Is sighing bad for health?

When we confront with stress in our lives, we usually sigh in order to relieve stress, as if sighing could help us relieve some of the negative emotions from our body. According to the dictionary, sighing is a action “to let out one’s breath audibly, as from sorrow, weariness, or relief.” There are also superstitious belief that sighing is bad for body because it release all the energy one stored in their body which was used to resist against stress.  

Why do we sigh? Scientist had discovered that the reason we sigh is because we want to reset a breathing pattern in order to prevent abnormal breathing and make our breathing more flexible. This definition sound realistic and is the easiest way for the public to accept. However, the definition had left out one of the most important factor that is closely related to sighing, emotions. A lot of time people sigh not because they consciously wanted to adjust their breathing pattern, but more likely to relieve. According to a group of studies(Abelson et al, 2001; Schwartz et al, 1996; Wilhelm et al, 2001a; Wilhelm et al, 2001b), excessive sighing is considered a panic disorder.

An other studies had conducted an experiment where 80 patients voluntarily perform a minute of hyperventilation, also known as sighing. They later on analyzed the oxygen inside of the brain during this procedure and graphed it out. As you can see, the darker the color is in the graph the less oxygen there are in the brain. Therefore the more you sigh the less oxygen is left in your brain.

In other cases, sighing is also a sign of stress. People who are under stress and anxiety tend to sigh more than normal people who do not have problems like that. According to studies (Teigen, et al, 2008), sighing can be an action to exclude the desires and intentions that are not wanted. Various causes could lead to intensify sighing, such as anxiety, overheating, stress and etc. Since sighing could also suggest weak muscle tissue in lungs therefore the body needs chest to help breathing procedure.

Scientist (Aljadeff G, Molho M, Katz I, Benzaray S, Yemini Z, Shiner RJ, Pattern of lung volumes in patients with sighing breathing, Thorax. 1993 Aug; 48(8): 809-11.) had discovered that sighing is a closely related to hyperventilating which is a severe breathing disorder. While hyperventilating patient exhale more than they inhale. This was caused by various reasons that resembles those that caused sighing. Therefore study supported the correlation between sighing and hyperventilation.

So is sighing bad for health? Hyperventilating is certainly bad and could cause harm one’s life, but sighing, which is correlated with hyperventilation , is a common phenomenon. This suggest that there are third variables caused in this relation. The cause may be that hyperventilation is inherited from the parents or predecessors, so sighing may be a symptom of it, or one’s environment could cause sighing more then hyperventilation break out after stress accumulate. The study about hyperventilation and sighing also pointed out that other studies had discovered artificial sigh have positive effects on oxygenation. Therefore there might be a Texas sharp shooter fallacy occurred. Even reverse causation is possible in this case: if someone has hyperventilation, they might sigh more than normal people. Therefore in order to understand whether sighing is truly bad for health or not, one must discovered its mechanism.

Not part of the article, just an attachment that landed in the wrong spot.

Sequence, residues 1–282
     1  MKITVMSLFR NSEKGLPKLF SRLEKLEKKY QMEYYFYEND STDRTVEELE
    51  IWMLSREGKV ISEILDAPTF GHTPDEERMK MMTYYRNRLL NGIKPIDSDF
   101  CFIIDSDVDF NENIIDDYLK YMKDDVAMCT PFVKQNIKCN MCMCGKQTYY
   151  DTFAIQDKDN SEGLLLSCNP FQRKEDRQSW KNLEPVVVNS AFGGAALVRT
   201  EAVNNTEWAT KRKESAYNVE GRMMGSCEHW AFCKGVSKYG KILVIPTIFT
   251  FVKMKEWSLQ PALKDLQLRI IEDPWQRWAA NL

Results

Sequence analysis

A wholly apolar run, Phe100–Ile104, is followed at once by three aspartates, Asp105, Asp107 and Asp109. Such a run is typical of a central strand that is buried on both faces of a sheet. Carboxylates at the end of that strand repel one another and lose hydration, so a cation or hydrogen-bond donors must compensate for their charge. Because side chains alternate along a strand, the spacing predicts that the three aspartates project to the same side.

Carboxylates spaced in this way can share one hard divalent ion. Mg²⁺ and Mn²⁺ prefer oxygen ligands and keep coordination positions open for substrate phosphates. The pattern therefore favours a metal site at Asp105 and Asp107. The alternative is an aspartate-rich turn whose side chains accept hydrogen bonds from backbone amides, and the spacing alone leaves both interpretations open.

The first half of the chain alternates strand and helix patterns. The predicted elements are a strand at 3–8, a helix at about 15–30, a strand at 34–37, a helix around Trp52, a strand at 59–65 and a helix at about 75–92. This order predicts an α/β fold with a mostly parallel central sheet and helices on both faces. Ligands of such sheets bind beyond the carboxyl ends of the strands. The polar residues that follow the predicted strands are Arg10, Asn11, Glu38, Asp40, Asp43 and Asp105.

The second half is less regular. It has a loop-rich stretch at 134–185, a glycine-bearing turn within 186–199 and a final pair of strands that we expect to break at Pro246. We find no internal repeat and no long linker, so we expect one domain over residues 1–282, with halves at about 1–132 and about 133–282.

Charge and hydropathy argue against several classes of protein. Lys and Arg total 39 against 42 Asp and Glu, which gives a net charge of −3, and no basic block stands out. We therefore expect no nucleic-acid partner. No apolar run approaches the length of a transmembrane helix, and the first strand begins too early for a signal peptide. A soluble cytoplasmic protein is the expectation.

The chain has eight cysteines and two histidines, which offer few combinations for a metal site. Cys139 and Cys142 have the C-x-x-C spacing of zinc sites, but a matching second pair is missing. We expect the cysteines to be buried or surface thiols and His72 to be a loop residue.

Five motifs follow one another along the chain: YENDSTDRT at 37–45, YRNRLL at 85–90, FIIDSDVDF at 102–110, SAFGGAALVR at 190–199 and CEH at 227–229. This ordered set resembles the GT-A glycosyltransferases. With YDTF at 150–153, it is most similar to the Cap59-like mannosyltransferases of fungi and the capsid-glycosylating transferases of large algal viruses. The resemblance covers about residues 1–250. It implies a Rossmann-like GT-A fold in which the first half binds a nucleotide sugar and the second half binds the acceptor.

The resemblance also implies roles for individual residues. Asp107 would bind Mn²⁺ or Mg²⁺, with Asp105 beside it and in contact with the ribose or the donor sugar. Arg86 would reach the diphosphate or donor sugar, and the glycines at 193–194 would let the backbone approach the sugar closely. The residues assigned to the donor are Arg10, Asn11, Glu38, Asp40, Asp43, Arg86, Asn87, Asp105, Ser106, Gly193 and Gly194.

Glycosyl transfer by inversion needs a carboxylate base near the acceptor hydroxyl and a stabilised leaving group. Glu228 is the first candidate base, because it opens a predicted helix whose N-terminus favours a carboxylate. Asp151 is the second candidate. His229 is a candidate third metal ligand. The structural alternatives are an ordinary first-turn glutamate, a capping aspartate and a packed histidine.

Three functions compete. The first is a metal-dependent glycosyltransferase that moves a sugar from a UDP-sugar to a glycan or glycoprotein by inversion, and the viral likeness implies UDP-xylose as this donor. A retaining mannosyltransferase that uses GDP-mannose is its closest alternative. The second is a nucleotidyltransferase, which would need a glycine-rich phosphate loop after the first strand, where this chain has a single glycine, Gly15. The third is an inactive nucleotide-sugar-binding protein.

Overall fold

In sum, sighing may not be influence one’s health and cause major health issues, but it may serves as a sign of health problem so just be cautious while you sigh, be sure to feel your breath.

3 thoughts on “Is sighing bad for health?

  1. Claire E Going

    Sighing can also be a way to calm yourself down as a mini “start-over” or refresher, similar to a deep breath. It can clear your head and help you feel like you can continue pursuing a daunting task and help you relieve the stress built up from it. This article shows that deep breaths and sighs can help lessen inflammation and give you more awareness, as well as other health benefits. Great post!
    -Claire

  2. Caroline Maria Teti

    This was a very interesting blog. I never thought of singing to be a symptom of hyperventilation, but that does make sense. If we sign too much it may subconsciencely cause us to become more stressed. This intern will cause some individuals to hyperventilate more often. I will sigh once I have hit the bed after a long day. I do not know if this is good or bad – but it is definitely worth looking into!

    i was only confused on the Texas Sharp Shooter part. Are you stating that due to the studies resulting differently, there is a failure in someone needing to do too many studies?

  3. Daniel Liam Cavanaugh

    This blog surprised me because I would have expected the effects of sighing to be beneficial, though it does now make sense to me that sighing leads to a lack of oxygen in the brain. As a side note, I like how you tied superstition into your into because I haven’t seen that before in one of these blogs and it increases interest on the part of the reader. I can see the connection between sighing and hyperventilating, but I don’t think they’re nearly on the same level in relationship to health. I think hyperventilating for a minute, as done in the first study mentioned, generates results that are extreme when compared to sighing. Based off of all of this, the risk isn’t high enough for me to stop sighing. I only sigh occasionally when I’m very stressed and it always seems to alleviate my negative emotions. This blog reminds me of the ‘laughing’ blog discussed in class. For your next blog, you might be interested on the negative effects of hiccuping. Here’s a source.
    http://www.bmj.com/content/bmj/2/5760/504.full.pdf

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